Seniors too often are left alone by their families, their friends have passed on, and much too many are ignored, forgotten, and deemed insignificant. I had the great priviledge of meeting a most beautiful and intellectual 83 year old lady named Marie. A former Windsor nurse, born and raised in Quebec, Marie is worldly, wise and yet alone. To see her, you sense a physical beauty of days gone-by, now nicely manicured into a rather classic, refined vintaged grace.She wishes her hair color maintained in a brown hue, but underneath lies white sheemered locks that provide an elegance suited to her. Her smile radiates through the bluest aquamarine eyes, eyes that at times depict a sadness hovering beneath the twinkle. A familiar sadness that I have witnessed in every senior encountered, as if it naturally follows with old age. I feel a bit of this meloncholy even at 57, having felt wanted and useful when I was a teacher and mother of a baby boy. At times I wonder if I'm even remembered for the role I've played in this world. To be 83, no longer a nurse, a wife or mother, Marie's sorrow stems from the same branch as mine, wondering what will become of us if we no longer hold a role or function in this world. I suppose like most women, we underestimate our beauty, our potential, our purpose, which so blatantly contradicts how others see us.
Marie was no doubt the nurse that went the extra mile, cared beyond the call of duty, intervened at injustice, and shared her gentle gift of compassion more vehemently with the undesirables.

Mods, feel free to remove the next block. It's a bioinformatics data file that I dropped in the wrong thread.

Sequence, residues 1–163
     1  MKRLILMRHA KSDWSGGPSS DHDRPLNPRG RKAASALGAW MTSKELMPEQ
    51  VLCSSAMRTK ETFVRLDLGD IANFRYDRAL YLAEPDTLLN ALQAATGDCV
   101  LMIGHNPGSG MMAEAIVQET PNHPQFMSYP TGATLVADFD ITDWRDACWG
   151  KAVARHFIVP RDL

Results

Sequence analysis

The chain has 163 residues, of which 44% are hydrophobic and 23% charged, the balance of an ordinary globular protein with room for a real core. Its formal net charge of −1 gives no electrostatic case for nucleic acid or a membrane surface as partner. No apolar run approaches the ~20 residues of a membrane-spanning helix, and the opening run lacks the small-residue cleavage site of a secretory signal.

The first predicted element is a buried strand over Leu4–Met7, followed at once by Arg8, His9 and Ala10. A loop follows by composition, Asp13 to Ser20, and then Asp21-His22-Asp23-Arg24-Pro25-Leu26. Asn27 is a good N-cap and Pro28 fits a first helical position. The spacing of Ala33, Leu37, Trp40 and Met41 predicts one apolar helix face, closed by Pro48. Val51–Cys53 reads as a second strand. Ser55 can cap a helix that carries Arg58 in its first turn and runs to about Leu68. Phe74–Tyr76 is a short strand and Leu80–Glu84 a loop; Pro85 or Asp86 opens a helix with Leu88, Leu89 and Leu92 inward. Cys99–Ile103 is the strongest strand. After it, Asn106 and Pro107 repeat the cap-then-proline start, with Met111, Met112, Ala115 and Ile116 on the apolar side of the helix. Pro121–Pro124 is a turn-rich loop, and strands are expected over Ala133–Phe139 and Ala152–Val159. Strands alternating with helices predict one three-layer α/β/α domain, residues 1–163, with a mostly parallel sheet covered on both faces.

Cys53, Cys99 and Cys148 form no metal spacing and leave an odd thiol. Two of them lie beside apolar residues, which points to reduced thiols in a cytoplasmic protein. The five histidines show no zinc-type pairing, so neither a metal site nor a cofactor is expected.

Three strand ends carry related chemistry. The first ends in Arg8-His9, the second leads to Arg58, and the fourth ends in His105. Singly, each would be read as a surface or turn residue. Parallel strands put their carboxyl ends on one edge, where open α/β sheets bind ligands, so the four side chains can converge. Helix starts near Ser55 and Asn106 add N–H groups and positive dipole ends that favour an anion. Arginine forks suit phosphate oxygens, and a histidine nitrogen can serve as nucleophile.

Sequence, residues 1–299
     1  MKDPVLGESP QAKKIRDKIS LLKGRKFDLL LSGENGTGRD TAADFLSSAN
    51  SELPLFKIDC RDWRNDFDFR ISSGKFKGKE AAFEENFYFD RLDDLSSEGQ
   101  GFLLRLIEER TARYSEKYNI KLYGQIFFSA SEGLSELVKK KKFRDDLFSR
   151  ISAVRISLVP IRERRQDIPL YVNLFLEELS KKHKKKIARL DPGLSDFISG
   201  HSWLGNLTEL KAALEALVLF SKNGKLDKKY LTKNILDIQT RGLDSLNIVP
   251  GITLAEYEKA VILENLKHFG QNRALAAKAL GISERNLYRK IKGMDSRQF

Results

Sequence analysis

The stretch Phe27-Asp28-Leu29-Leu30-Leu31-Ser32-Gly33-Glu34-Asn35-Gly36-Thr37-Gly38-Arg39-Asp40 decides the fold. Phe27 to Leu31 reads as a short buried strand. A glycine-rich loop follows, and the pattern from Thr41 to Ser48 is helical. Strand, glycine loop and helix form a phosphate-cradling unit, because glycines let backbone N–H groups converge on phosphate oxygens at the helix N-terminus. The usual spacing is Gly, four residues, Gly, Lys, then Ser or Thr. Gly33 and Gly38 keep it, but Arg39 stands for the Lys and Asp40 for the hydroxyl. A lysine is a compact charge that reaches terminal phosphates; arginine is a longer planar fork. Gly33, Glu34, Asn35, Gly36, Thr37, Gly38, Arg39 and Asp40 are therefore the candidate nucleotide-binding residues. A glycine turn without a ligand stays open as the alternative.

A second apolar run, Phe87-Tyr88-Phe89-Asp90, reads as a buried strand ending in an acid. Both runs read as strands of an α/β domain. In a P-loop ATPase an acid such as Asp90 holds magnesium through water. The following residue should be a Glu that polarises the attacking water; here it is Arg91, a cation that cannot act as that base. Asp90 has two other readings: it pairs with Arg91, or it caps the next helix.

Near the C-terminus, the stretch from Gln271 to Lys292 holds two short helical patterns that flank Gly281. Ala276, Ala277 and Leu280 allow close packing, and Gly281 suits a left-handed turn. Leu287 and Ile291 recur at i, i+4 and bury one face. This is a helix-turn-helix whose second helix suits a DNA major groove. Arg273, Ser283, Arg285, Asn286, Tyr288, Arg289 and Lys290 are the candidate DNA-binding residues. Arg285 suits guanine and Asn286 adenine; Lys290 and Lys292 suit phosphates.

We have spent quite a few hours over the last few months exchanging stories and memories.Marie is healthy, strong, eats well, holds faith above all else, yet chooses to be alone as so many do. Her story is rich in love, hardship, and wisdom. If only I had time at my disposal, her and I could become long lasting friends. I think of Marie everyday, dismayed that the world doesn't see her. Oh what a story teller, a gifted intellectual, a woman of profound faith, a devout caregiver, a witty, vibrant, intropective human being.
I unexpectedly stopped by to say hello one day, and as I walked up her driveway, over the waist high brick column I could see she faced away, her floppy hat shielding her from the heat of day. So many questions attacked my senses. Was she lonely? Why is no one venturing to her door? What is she thinking about? How does she feel? She needs a pet, a friend, family close by. Is she afraid being alone? She should never be alone. She has so much to offer. I will be a friend. How can one not be, once you've met her?
I was so happy to see her, and she felt the same. Could I be so lucky to have Marie in my life corner? The good Lord has graced by life with such rich blessings, and even now in retirement, He continues to look out for me. When I was a little girl, I seemed to forever gravitate toward the elderly in the neighborhood. For some reason, they embraced me as their own and it made me feel so loved, and in turn, I loved them. Today, as my life becomes full circle, it is still the old soul that I gravitate toward, and they toward me. I am comforted, valued and cherished by the Maries' of this world, and I hope they know the immense gratitude I feel...and the mutual adoration I have for them.